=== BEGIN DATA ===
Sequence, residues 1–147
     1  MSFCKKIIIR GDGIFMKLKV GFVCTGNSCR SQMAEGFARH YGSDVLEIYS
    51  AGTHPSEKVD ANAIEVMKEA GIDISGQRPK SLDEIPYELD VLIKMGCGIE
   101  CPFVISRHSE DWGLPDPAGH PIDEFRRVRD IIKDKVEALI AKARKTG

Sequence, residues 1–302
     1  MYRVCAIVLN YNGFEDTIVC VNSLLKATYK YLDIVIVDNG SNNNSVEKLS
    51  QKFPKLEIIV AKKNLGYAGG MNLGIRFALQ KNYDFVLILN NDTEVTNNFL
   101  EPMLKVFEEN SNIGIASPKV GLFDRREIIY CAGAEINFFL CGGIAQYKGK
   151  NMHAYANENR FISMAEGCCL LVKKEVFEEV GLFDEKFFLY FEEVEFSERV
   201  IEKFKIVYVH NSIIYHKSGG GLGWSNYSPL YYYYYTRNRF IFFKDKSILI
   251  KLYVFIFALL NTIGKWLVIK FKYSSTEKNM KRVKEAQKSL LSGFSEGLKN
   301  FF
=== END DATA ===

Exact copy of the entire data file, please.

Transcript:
Sequence, residues 1–147
     1  MSFCKKIIIR GDGIFMKLKV GFVCTGNSCR SQMAEGFARH YGSDVLEIYS
    51  AGTHPSEKVD ANAIEVMKEA GIDISGQRPK SLDEIPYELD VLIKMGCGIE
   101  CPFVISRHSE DWGLPDPAGH PIDEFRRVRD IIKDKVEALI AKARKTG

Sequence, residues 1–302
     1  MYRVCAIVLN YNGFEDTIVC VNSLLKATYK YLDIVIVDNG SNNNSVEKLS
    51  QKFPKLEIIV AKKNLGYAGG MNLGIRFALQ KNYDFVLILN NDTEVTNNFL
   101  EPMLKVFEEN SNIGIASPKV GLFDRREIIY CAGAEINFFL CGGIAQYKGK
   151  NMHAYANENR FISMAEGCCL LVKKEVFEEV GLFDEKFFLY FEEVEFSERV
   201  IEKFKIVYVH NSIIYHKSGG GLGWSNYSPL YYYYYTRNRF IFFKDKSILI
   251  KLYVFIFALL NTIGKWLVIK FKYSSTEKNM KRVKEAQKSL LSGFSEGLKN
   301  FF